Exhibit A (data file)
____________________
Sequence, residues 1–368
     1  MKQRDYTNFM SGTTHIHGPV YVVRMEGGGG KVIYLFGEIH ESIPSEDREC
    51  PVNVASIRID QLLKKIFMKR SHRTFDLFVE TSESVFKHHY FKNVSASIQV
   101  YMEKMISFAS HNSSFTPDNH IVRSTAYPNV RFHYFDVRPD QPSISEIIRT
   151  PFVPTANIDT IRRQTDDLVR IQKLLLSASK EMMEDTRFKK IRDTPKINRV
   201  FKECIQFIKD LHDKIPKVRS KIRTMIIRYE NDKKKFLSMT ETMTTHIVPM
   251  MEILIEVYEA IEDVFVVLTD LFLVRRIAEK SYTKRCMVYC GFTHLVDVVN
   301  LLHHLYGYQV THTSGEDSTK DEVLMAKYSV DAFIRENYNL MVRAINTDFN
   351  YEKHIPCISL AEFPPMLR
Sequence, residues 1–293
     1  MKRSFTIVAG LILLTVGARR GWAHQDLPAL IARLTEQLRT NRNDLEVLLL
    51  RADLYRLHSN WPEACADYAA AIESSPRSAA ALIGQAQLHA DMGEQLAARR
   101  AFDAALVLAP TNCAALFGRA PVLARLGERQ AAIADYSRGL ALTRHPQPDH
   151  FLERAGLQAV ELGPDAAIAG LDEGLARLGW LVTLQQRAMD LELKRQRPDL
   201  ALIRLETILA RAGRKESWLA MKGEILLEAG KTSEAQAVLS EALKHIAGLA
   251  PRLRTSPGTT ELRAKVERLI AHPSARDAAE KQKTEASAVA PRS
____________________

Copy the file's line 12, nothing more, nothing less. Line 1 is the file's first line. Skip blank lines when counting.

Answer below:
    51  RADLYRLHSN WPEACADYAA AIESSPRSAA ALIGQAQLHA DMGEQLAARR